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"Dinos' might in army sights"

Dinos' might in army sights (captioned in print version as "A frontal  
assault on fossils")
By Joey Bunch 
Denver Post Staff Writer

The landscape of southeast Colorado also crawls with history, but time may  
be running out on public access to the past as Fort Carson considers acquiring  
the land for war training. 
This secluded valley is home to one of North  America's richest dinosaurs 
finds - more than 1,300 individual tracks; 35 sites  have yielded bones. 
"The great thing about this site is that it's here to  see, and it's free for 
the public," said U.S. Forest Service paleontologist  Bruce Schumacher,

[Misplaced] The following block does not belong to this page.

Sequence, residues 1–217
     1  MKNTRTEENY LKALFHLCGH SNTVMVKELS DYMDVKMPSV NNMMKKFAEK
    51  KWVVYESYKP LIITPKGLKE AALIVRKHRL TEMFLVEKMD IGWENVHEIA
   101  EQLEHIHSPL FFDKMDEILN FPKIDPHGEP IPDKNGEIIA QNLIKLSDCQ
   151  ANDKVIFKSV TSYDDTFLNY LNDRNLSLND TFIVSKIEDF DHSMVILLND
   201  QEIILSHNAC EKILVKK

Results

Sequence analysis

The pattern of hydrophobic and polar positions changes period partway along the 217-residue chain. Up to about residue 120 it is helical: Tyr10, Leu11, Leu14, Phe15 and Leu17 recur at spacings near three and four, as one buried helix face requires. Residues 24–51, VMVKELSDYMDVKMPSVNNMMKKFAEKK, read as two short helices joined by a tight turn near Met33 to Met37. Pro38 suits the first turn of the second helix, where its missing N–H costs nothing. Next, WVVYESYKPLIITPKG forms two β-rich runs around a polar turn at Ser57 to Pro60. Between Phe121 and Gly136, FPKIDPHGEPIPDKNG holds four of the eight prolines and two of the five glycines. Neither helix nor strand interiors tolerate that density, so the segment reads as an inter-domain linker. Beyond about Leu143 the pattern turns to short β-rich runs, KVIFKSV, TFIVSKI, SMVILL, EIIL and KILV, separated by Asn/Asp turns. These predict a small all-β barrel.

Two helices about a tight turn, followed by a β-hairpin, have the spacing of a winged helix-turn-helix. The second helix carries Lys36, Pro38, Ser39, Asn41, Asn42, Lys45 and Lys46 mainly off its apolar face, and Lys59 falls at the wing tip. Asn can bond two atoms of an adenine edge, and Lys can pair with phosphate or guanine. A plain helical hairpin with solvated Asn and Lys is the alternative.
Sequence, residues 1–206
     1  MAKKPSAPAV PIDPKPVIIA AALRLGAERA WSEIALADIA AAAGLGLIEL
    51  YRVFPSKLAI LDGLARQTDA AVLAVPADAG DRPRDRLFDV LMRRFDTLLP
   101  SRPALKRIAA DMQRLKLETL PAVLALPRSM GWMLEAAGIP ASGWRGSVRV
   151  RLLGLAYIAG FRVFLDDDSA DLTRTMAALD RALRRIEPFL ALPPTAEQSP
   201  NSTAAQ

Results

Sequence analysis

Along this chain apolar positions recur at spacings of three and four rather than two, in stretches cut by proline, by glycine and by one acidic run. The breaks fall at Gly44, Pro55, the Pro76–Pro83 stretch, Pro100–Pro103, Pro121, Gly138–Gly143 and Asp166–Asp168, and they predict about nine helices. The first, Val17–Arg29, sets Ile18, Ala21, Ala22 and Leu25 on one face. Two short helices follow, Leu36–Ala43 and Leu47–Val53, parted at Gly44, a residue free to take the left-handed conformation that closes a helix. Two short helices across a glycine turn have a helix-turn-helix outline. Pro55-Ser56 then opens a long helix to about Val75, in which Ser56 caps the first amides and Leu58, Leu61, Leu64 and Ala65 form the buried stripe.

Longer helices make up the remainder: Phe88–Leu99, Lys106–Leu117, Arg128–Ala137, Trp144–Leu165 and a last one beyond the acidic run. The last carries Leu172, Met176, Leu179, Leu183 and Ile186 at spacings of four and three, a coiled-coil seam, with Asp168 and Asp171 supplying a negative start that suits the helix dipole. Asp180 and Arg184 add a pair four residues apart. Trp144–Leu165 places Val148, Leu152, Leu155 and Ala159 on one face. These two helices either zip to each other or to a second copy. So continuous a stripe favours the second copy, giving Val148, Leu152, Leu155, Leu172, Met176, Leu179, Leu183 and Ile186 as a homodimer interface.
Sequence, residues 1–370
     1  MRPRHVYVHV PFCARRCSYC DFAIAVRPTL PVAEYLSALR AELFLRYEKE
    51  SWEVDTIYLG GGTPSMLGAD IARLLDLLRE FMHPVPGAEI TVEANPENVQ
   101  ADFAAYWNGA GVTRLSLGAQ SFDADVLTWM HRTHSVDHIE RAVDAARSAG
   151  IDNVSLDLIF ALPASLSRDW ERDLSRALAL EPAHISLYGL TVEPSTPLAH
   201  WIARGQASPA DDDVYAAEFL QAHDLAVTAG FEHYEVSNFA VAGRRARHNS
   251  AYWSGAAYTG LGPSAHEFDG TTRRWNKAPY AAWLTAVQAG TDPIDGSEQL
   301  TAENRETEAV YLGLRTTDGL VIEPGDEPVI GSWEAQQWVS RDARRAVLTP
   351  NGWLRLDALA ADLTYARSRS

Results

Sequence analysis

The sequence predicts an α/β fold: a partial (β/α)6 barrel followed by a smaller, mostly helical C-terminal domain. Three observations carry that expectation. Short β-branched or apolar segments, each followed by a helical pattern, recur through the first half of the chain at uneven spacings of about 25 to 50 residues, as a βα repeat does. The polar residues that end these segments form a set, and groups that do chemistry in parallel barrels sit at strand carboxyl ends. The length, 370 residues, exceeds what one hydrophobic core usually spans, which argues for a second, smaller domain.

leaning against a rock after wading across the Purgatoire  River - the River of 
Lost Souls, as French explorers first called it.  
Schumacher planted his bare feet near the beachball-sized tracks of a  
brontosaurus left 150 million years ago. 
"The history here is just layered  on itself," he said. 
But every map proffered by the Army has included Picket  Wire Canyonlands in 
the Piñon Canyon Maneuver Site. 
Karen Edge, Fort  Carson's Piñon Canyon outreach coordinator, did not return 
telephone calls for  comment on the future of the Canyonlands. 
We can always make war, but it takes a long time to make new fossils.   I 
would hope that the Society of Vertebrate Paleontology gets involved with  
blocking the acquisition of this land. 

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